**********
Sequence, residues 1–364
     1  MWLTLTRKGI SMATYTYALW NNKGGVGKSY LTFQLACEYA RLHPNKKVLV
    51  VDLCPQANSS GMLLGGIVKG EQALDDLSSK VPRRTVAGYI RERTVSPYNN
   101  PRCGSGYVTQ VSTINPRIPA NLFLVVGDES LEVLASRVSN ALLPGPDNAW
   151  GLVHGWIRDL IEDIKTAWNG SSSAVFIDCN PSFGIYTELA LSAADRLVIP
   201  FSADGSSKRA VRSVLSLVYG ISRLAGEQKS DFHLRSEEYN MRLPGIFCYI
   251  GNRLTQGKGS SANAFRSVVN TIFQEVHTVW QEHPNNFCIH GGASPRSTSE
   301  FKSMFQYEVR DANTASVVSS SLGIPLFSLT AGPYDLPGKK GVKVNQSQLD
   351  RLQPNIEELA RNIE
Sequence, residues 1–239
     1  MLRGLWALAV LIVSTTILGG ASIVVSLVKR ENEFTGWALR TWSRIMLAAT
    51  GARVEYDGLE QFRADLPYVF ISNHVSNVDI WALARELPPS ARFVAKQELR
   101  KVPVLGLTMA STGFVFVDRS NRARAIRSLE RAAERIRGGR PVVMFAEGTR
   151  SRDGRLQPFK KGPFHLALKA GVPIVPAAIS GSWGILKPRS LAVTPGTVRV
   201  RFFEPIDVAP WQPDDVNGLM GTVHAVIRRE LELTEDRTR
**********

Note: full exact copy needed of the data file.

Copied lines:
Sequence, residues 1–364
     1  MWLTLTRKGI SMATYTYALW NNKGGVGKSY LTFQLACEYA RLHPNKKVLV
    51  VDLCPQANSS GMLLGGIVKG EQALDDLSSK VPRRTVAGYI RERTVSPYNN
   101  PRCGSGYVTQ VSTINPRIPA NLFLVVGDES LEVLASRVSN ALLPGPDNAW
   151  GLVHGWIRDL IEDIKTAWNG SSSAVFIDCN PSFGIYTELA LSAADRLVIP
   201  FSADGSSKRA VRSVLSLVYG ISRLAGEQKS DFHLRSEEYN MRLPGIFCYI
   251  GNRLTQGKGS SANAFRSVVN TIFQEVHTVW QEHPNNFCIH GGASPRSTSE
   301  FKSMFQYEVR DANTASVVSS SLGIPLFSLT AGPYDLPGKK GVKVNQSQLD
   351  RLQPNIEELA RNIE
Sequence, residues 1–239
     1  MLRGLWALAV LIVSTTILGG ASIVVSLVKR ENEFTGWALR TWSRIMLAAT
    51  GARVEYDGLE QFRADLPYVF ISNHVSNVDI WALARELPPS ARFVAKQELR
   101  KVPVLGLTMA STGFVFVDRS NRARAIRSLE RAAERIRGGR PVVMFAEGTR
   151  SRDGRLQPFK KGPFHLALKA GVPIVPAAIS GSWGILKPRS LAVTPGTVRV
   201  RFFEPIDVAP WQPDDVNGLM GTVHAVIRRE LELTEDRTR